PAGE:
My first meeting with a personal trainer went like this:
Amanda (a 20-something perky girl:) Now I will assess you. [measures, tests, interprets] You are in poor condition.
Me (a basketcase, of late:) OK. [fights back tears. loses fight.]
Amanda: What's wrong? Do you want to talk about it? Ignore it's happening and move on?
Me: [chokes out] It's something I know, it's just hard to hear reality. Plus, I'm being treated for high anxiety and depression now so this crying happens a lot, and now I'm embarassed.
Amanda: Don't be embarassed. Sometimes in my client's sessions people lose it and I become trainer/therapist.
Me: Well, I have a therapist, so there's no need for that. I think.
Afterwards I thought GREAT. Now I'm "the basketcase client." But then I replaced that thinking with "Fuck you, nobody-in-particular, at least I went through with it instead of sitting on my couch with a pint of ice cream and a giant spoon."
My second meeting with the personal trainer (a session with her is a fraction of the cost of a massage, and less than a mani-pedi) went like this:
Amanda: Get on this machine. Go. You can do better. Get on that machine. You can go faster.
Me: I just got to the point where I can go at this speed. You can't make me run, I tell you, I won't run yet!
Amanda: Lift this heavy ball and twist and squat and lunge and squeeze..... now 20 jumping jacks! Go!
Me, doing jumping jacks in the middle of the gym's freeweight area full of guys lifting things up and putting them down. I hadn't done jumping jacks in 10 years. Bouncing hair, bouncing boobs, afraid I'm going to pee myself a little. Girls over 40, you know what I'm talking about. I start to fight back tears while jumping. Aaaaaaand lost the fight again. COME ON!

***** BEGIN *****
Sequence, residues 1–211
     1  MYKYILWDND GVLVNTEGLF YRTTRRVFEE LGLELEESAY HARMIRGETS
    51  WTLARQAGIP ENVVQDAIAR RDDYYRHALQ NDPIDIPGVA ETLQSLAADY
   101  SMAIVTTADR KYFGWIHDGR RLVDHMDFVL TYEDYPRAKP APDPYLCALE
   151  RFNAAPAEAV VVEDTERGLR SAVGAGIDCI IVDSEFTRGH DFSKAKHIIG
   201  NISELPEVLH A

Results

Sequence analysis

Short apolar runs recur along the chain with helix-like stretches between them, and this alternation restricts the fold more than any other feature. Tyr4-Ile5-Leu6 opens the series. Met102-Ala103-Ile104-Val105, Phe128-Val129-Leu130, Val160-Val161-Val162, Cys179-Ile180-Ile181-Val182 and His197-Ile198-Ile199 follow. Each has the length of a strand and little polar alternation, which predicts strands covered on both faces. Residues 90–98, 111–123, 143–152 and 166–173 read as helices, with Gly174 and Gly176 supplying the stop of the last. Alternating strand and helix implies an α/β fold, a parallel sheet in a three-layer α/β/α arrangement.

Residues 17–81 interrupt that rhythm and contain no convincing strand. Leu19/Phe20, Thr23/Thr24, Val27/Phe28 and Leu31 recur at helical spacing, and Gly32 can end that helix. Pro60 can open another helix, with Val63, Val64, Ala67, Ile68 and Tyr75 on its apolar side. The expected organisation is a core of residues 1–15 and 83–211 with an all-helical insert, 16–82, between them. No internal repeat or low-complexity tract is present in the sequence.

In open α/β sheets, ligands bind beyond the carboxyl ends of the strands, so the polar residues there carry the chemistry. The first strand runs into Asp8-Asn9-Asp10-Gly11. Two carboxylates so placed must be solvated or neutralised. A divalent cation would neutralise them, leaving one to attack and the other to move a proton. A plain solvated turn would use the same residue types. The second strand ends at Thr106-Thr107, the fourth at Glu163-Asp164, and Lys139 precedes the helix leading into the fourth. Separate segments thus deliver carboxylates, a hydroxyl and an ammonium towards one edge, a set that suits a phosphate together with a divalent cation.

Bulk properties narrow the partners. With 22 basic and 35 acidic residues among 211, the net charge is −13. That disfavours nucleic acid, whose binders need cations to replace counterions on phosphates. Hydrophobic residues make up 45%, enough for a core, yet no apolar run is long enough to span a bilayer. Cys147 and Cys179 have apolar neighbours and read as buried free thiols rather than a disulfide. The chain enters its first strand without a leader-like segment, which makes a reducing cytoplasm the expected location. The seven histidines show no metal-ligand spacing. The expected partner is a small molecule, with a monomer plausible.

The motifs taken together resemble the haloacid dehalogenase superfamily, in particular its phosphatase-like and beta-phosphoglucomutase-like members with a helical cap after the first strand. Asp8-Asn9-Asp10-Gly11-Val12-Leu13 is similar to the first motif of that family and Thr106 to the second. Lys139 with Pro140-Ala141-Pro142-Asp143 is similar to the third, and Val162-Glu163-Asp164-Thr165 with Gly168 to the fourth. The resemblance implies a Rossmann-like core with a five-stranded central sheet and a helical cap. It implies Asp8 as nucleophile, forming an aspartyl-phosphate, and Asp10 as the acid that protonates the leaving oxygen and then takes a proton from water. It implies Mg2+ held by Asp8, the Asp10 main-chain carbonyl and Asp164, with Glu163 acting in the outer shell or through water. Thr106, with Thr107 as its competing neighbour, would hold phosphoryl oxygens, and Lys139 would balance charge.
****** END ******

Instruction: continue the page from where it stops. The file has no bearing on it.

One of my friends told me that working with a personal trainer can be very emotional. It's more than just "grab this giant ball and do something weird with it to work your abs." It's personal. All of my weaknesses were on display.
The funny thing was I didn't care what other people in the gym thought of my moves or my jiggly Jell-o butt. I wasn't embarrassed by that. I was distraught by feeling dizzy, which is a side effect of one of the drugs I'm experimenting with. I was upset by feeling like I physically couldn't do what I could do 10 years ago, even though mentally I know I have it in me.
But most of the feelings weren't pathetic.
It was almost impossible to think of anything else for a whole hour. An hour of twisting with medicine balls and doing push-ups in a circuit with Amanda alongside me teaching and correcting and encouraging me, as we try to strengthen my core. I'm following doctor's orders, it's not just for my physical core, it's for the core of my whole being.
That's why I'll go back. Even though, she said as I was leaving, "I didn't work you that hard today. It'll get harder."